• One of the first incidents was seen in Australia in 2000 and targeted a water system. As explained in one published case study, the attacker managed to remotely cause raw sewage to spill out into local environment, including a hotel. This attack was followed by many others, according to the Repository of Industrial Security Incidents (RISI), which observed in recent years a tremendous increase in the number of municipal water control-system cyber attacks.
  • The deputy assistant director of the FBI’s Cyber Division analyzes three cities targeted by hackers who accessed infrastructure through SCADA (Supervisory Control and Data Acquisition) systems.
  • In Poland a teen hacked a city’s train network and derailed four vehicles.
  • In April 2012 hackers successfully penetrated the networks of several natural gas pipeline operators in the US.

Discussion

Leave your comment below, or reply to others.

Please note that this comment section is for thoughtful, on-topic discussions. Admin approval is required for all comments. Your comment may be edited if it contains grammatical errors. Low effort, self-promotional, or impolite comments will be deleted.

0 Comments

Submit a Comment

Your email address will not be published. Required fields are marked *

This site uses Akismet to reduce spam. Learn how your comment data is processed.

Read more from the Meeting of the Minds Blog

Spotlighting innovations in urban sustainability and connected technology

Closing the Water Access Gap in the United States

Closing the Water Access Gap in the United States

Today, over 2 million Americans are living without access to clean, running water. The newly released ‘Close The Water Gap’ report by DigDeep and the US Water Alliance pulls back the veil on America’s hidden water crisis.

This is the first-ever comprehensive look at indoor water access across the United States, and its findings are explosive: Race is the strongest predictor of vulnerability. In six states (plus Puerto Rico), progress is actually backsliding. More than 44 million Americans are served by water systems with recent violations of the Safe Drinking Water Act.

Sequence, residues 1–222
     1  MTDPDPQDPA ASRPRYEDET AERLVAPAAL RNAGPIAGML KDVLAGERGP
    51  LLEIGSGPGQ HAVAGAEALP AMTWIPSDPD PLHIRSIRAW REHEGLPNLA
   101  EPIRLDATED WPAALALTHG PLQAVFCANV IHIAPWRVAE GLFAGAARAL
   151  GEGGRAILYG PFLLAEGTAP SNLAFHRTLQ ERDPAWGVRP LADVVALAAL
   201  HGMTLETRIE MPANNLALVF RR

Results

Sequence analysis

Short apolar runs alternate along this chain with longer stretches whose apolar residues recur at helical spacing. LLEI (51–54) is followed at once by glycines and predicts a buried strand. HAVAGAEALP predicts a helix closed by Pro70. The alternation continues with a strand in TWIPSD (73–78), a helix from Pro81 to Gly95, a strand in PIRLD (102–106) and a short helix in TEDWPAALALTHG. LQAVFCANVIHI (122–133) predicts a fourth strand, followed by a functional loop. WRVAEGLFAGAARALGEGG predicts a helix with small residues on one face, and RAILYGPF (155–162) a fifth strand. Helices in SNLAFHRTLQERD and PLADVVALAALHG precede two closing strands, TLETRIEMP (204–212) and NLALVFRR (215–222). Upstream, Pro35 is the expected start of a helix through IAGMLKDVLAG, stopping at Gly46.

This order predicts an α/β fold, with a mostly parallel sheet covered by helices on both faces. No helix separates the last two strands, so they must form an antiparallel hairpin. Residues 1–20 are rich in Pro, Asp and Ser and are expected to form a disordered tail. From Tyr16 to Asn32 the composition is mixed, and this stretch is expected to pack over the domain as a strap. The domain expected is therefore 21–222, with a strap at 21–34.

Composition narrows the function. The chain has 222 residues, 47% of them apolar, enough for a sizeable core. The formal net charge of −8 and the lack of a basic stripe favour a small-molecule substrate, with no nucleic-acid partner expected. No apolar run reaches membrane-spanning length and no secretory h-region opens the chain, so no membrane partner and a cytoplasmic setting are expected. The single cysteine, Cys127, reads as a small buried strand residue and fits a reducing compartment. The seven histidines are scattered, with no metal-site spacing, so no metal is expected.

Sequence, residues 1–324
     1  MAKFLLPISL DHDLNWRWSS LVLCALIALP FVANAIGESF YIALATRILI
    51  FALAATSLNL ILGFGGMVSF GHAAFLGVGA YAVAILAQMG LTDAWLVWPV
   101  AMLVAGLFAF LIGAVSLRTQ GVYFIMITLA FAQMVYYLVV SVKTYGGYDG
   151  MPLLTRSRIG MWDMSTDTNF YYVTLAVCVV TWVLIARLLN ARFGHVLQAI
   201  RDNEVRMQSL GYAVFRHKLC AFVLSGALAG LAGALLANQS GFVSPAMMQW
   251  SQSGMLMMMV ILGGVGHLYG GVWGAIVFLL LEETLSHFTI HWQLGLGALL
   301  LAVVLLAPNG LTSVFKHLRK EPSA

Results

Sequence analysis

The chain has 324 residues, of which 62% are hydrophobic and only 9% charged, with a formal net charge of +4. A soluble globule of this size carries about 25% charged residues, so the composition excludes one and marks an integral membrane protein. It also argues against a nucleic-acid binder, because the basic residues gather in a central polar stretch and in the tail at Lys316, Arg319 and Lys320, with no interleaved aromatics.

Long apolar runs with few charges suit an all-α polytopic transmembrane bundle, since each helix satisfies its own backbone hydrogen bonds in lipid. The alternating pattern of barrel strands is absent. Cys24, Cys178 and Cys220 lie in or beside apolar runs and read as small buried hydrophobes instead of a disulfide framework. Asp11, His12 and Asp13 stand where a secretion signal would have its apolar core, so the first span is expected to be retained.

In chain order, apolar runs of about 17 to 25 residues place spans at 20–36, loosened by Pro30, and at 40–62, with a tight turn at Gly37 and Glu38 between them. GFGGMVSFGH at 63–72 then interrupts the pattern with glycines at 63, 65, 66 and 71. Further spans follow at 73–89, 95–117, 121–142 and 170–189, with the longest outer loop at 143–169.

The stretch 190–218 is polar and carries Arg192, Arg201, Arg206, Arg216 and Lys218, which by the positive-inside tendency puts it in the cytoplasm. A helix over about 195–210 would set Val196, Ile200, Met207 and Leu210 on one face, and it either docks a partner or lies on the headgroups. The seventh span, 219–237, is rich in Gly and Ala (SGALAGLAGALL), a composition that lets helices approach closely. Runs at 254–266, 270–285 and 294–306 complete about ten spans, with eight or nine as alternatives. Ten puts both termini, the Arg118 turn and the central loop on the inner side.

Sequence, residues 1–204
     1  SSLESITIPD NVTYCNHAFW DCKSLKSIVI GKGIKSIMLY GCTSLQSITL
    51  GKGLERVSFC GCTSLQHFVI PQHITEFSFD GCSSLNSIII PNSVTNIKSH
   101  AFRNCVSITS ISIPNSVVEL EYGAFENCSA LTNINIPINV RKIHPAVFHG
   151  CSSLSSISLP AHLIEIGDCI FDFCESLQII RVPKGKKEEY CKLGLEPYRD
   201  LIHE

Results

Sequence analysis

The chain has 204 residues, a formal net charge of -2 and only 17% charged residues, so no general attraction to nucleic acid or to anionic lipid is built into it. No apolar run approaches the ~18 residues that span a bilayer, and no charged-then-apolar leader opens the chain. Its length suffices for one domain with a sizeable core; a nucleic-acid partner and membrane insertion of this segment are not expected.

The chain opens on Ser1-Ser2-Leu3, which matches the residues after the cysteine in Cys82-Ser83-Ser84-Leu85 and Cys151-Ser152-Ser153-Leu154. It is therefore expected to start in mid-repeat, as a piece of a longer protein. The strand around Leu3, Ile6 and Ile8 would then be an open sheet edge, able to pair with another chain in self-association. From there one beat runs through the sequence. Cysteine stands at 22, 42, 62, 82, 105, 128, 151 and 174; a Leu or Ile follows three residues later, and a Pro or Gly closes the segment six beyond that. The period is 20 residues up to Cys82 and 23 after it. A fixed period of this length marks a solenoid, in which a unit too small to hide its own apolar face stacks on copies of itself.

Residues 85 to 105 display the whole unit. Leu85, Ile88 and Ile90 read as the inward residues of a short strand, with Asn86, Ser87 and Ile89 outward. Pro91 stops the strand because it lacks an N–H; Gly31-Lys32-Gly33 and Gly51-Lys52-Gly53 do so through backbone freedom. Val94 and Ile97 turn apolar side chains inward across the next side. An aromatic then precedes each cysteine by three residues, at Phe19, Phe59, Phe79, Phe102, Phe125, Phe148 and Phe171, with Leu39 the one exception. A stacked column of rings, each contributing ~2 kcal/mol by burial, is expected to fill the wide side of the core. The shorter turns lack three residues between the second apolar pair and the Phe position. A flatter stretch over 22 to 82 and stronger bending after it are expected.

The Link Between Climate Change & Water

The Link Between Climate Change & Water

When thinking about conserving water, we should also be focusing on how more efficient water use correlates with energy savings. Studies show that when households participate in water savings programs, they also conserve energy and reduce strain on the power grid during peak demand periods while saving consumers money on their utility bills.

Water utilities can also dramatically increase their energy efficiency and reduce overall energy usage by adopting locally based solutions. For many municipal governments, drinking water and wastewater treatment plants are typically the largest energy consumers, often accounting for 30 to 40 percent of total energy consumed. Overall, drinking water and wastewater systems account for approximately two percent of energy use in the United States, adding over 45 million tons of greenhouse gases annually.

Using Data to Reduce Public Health Risk

Using Data to Reduce Public Health Risk

Addressing the impact of heat on health is well-aligned with MCDPH’s vision and mission “to make healthy lives possible” by protecting and promoting the health and well-being of MC residents and visitors. The climate has significant impacts on our community’s health. Through extensive surveillance and community surveys, we have demonstrated the importance of local public health data to increase buy-in from new and existing partners and obtain funding to address this significant public health issue. We encourage other health departments to consider the power of data and collaboration as they seek methods for protecting the public’s health from a changing climate.

Share This